Another critical component to success is execution at store level. Because of the commitment I mentioned above, our store employees feel connected to our brand and therefore do an unbelievable job of merchandising our products and educating our customers on features and benefits.
Fischer: Product development resources to take our own brands from quick followers to innovators.
Gerrity: The most important component is understanding the customer need, then identifying products that also meet our company’s financial expectations for total category growth. Just as important is ensuring quality throughout the entire supply chain.
Palmer: First of all, a private label program needs a senior management commitment that considers private label as a key component in the overall competitive strategy for the organization. Second, you must have store associates involved in the process. They are your best salespersons once they get engaged. And third, there has to be a willingness by the organization to “lead” instead of “follow.” Innovation will succeed only if retailers are willing to take a risk now and then. (Fortunately, I have all three at A&P.)
PL Buyer: What challenges lie ahead for private label programs, and how could/should retailers respond?
Bloomquist: Retailers and manufacturers need to continue to understand and anticipate consumers’ attitudes and behaviors in determining marketing strategies in the future. Private label needs to take share in growth categories. If successful, this becomes a double positive, as opposed to taking share in declining categories. We must make our exclusive store brand become a destination for the consumer.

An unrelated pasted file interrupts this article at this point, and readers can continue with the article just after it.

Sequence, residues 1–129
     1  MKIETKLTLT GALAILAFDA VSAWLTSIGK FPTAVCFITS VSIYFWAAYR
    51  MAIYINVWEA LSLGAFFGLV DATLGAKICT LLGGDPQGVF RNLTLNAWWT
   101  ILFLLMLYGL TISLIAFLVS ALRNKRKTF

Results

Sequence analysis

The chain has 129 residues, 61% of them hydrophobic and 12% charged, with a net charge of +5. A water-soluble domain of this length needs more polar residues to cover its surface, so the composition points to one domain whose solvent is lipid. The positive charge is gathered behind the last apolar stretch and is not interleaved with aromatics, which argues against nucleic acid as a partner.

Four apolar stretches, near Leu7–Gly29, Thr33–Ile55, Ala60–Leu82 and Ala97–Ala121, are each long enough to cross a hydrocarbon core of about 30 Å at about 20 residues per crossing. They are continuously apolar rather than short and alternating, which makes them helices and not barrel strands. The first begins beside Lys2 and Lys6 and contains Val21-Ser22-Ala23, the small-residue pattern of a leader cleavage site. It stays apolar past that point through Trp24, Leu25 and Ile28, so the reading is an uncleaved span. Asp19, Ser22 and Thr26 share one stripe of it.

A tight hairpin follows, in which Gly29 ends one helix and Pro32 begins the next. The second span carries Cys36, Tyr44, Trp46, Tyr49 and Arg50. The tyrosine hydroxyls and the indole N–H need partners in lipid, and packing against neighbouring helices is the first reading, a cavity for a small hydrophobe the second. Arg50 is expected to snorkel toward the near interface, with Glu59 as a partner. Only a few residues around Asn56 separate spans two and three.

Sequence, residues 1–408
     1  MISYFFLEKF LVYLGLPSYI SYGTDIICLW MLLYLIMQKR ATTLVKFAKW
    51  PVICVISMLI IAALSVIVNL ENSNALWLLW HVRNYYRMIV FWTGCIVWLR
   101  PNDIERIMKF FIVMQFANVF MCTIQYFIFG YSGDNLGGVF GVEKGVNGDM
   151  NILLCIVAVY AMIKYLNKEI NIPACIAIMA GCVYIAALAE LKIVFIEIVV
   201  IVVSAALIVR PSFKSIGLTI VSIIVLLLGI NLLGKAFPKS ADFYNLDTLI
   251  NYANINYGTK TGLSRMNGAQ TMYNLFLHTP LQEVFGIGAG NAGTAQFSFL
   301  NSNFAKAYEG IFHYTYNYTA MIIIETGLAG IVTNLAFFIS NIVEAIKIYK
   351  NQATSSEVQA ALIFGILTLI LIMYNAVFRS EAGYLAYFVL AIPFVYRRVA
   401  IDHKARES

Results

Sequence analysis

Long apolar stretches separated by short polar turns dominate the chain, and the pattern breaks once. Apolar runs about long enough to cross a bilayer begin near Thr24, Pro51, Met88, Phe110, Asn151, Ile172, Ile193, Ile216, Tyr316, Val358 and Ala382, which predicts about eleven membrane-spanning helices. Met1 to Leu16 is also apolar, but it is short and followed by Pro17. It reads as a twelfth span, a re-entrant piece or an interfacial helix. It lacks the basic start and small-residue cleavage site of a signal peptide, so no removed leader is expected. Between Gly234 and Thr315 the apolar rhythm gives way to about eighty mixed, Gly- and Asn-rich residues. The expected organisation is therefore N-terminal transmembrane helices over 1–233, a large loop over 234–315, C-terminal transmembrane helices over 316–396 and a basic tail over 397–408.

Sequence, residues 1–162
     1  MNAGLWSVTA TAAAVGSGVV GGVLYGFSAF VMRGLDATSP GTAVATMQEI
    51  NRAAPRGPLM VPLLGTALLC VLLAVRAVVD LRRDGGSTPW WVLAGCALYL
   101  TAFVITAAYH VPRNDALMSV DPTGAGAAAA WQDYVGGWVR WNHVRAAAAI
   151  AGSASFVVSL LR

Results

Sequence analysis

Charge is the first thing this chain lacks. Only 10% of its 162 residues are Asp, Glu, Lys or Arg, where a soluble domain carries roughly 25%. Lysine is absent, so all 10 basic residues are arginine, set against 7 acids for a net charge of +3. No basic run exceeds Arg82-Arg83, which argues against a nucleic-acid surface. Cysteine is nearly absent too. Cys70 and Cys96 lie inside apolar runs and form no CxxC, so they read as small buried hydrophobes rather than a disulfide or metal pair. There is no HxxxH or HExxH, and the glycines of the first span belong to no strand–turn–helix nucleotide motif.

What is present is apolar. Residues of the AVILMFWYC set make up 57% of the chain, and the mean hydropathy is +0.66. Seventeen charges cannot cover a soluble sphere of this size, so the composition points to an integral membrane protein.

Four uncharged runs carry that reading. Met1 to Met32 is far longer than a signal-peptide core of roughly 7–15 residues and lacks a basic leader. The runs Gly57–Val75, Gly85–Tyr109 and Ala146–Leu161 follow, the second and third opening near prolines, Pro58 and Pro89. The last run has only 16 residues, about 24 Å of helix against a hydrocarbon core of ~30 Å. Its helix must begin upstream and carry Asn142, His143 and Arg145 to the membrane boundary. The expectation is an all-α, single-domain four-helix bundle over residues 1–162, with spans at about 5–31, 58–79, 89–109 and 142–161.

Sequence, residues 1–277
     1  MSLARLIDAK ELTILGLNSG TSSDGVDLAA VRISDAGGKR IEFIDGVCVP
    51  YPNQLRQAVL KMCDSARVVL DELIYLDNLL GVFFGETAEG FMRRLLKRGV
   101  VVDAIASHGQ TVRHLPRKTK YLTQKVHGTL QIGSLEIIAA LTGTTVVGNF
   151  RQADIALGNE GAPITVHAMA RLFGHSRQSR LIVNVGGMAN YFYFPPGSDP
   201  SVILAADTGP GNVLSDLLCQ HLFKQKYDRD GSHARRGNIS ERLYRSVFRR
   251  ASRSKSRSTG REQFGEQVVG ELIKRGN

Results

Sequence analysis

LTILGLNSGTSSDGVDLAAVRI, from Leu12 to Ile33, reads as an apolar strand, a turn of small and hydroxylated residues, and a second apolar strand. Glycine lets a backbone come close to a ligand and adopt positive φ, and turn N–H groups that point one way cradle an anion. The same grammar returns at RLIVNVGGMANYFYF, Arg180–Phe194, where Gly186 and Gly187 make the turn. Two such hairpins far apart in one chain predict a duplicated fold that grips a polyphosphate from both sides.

Fischer: As we take share from national brand players, we will have to be prepared for their competitive response.
Gerrity: The primary challenge will be to continue building consumer awareness as the economy improves. Some customers may have more discretionary income and will spend more for a branded product rather than spend time exploring lower-priced alternatives. The retailers that build loyalty today around their store brands and develop innovative products will win in the future.
Palmer: The challenge for most private label programs will be to sustain their recent gains in sales. The economy has “jump started” private label gains, but [retailers] will not be able to maintain this growth without keeping consumers focused on their brands. A “platform” of innovation, new items and marketing should be created now to facilitate future growth.
DeCory: What is most rewarding about my job is the ability that we have to make a difference in the lives of our customers with [the] Wegmans brand. Our mission at Wegmans is to help our customers make great-tasting meals healthy, easy and affordable, and we are constantly looking to develop Wegmans brand products to deliver that mission. Nothing is more rewarding than hearing our customers share their experiences with Wegmans brand products that have made their lives easier, offered them exceptional value, helped them make healthier meals, etc.
Fischer: Seeing our own brand being accepted and chosen over the national brand products. Our customers choosing our brand over national players tells us that we are doing things correctly and we are relevant.